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This weekend we celebrate Palm Sunday. In addition to the usual three readings, we also have a Gospel reading that is used at the beginning of Mass. This reading records Jesus’ triumphal entry into Jerusalem just prior to his passion. This Gospel is read at the beginning of Mass and introduces the procession with palms.
Each year on Palm Sunday we read one of the accounts of Jesus’ passion and death on the cross. This year we read from the Gospel according to Luke. While each of the four evangelists tells the story of the passion and death of Jesus, they each approach it from their own unique perspective. In this regard, Luke is not as sparse in detail as Mark. At the same time, in Luke’s account of the passion, Jesus is not as regal or as “in charge” as he is in John’s account. From Luke’s perspective, Jesus willingly accepts his suffering and death as the fulfillment of God’s plan.
While we are all familiar with the story of Jesus’ passion, reading (or hearing) it in its entirety can help us appreciate anew--and hopefully at a deeper level--the suffering Jesus’ endured for our sake.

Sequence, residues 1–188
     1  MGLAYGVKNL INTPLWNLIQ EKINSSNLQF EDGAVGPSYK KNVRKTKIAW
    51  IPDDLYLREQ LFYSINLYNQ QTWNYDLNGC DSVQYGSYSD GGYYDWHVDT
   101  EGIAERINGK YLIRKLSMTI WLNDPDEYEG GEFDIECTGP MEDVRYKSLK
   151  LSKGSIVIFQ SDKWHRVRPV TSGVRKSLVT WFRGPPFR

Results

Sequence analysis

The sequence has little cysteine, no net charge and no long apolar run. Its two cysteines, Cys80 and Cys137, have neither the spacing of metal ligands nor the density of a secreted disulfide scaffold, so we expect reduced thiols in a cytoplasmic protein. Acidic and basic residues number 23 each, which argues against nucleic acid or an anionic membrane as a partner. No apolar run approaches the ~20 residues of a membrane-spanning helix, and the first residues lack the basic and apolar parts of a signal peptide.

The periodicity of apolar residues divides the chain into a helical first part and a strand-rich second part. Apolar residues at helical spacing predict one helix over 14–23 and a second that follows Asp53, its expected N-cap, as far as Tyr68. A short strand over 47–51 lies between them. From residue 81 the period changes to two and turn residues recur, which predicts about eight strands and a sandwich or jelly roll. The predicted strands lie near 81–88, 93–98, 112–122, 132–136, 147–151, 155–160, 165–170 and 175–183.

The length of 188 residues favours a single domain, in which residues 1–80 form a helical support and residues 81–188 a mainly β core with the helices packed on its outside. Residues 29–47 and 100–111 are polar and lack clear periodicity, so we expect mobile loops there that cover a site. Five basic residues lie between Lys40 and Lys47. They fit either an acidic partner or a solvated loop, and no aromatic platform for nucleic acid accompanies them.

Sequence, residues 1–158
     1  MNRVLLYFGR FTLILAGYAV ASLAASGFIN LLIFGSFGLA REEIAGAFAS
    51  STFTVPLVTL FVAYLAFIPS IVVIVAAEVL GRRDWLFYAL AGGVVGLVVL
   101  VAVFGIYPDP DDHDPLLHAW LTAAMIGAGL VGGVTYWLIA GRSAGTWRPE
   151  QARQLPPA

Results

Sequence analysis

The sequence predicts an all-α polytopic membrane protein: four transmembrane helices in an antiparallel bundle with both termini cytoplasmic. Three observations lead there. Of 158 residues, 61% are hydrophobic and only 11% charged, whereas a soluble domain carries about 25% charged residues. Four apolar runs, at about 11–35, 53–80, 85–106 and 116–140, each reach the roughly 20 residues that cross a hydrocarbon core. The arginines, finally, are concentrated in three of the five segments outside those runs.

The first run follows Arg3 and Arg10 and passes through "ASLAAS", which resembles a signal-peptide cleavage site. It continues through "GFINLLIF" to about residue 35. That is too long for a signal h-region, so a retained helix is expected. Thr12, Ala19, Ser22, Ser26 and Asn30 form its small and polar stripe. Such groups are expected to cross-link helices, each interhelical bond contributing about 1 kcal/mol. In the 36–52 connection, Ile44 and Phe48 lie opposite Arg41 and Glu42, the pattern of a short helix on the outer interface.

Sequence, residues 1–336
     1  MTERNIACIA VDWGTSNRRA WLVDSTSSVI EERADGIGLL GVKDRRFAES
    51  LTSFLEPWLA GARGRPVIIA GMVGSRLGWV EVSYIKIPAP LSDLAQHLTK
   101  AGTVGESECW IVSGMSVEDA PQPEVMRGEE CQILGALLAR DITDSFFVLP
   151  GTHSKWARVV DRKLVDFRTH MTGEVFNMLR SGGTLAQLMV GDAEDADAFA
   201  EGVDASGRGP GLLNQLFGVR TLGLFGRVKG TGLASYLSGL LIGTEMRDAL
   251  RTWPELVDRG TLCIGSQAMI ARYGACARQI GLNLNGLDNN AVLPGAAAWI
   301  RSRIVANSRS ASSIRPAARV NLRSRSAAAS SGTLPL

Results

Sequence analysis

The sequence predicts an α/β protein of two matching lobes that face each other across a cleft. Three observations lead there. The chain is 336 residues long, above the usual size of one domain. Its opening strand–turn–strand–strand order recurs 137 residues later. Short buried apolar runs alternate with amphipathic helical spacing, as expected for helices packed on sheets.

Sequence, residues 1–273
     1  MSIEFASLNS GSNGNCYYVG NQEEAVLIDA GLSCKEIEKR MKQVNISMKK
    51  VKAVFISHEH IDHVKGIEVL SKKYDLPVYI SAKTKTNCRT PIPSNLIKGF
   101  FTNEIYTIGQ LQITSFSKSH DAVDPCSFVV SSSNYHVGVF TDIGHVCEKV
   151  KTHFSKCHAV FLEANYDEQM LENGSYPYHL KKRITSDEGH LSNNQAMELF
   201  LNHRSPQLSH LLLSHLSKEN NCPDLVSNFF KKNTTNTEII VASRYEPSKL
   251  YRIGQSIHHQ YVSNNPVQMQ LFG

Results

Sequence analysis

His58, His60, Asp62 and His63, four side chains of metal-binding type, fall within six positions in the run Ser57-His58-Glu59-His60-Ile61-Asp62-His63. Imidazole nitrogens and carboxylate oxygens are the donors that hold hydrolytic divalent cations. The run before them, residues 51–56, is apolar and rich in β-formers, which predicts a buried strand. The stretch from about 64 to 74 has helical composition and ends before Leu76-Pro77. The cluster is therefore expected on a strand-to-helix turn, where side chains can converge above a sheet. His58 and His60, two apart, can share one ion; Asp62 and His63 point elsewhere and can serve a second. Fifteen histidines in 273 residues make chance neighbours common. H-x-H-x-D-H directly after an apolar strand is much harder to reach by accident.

The first and second readings for Palm Sunday remain the same every year. The first reading is taken from that part of Isaiah known as the “songs of the suffering servant.” From the earliest days of the Church, Christians have seen these songs as referring to Christ, the suffering servant par excellence.
The second reading for Palm Sunday is taken from Paul’s letter to the Philippians. It is in the form of a hymn and it speaks of Jesus’ journey from heaven to earth and back to heaven. Its simple eloquence reminds us that Jesus “emptied himself, taking the form of a slave” for us. And because of this, “every knee shall bend in heaven and on earth, and every tongue confess that Jesus Christ is Lord………..”
Questions for Reflection/Discussion:
- As you read the passion, what moment stands out for you?
- The “cross” has been a Christian symbol for centuries. Yet, in recent years especially, it has become more decoration/ornamentation than a symbol of one’s faith. Why do you think this is?
- In the second reading, Paul speaks of Jesus’ emptying himself for our sake. Have you ever emptied yourself for another?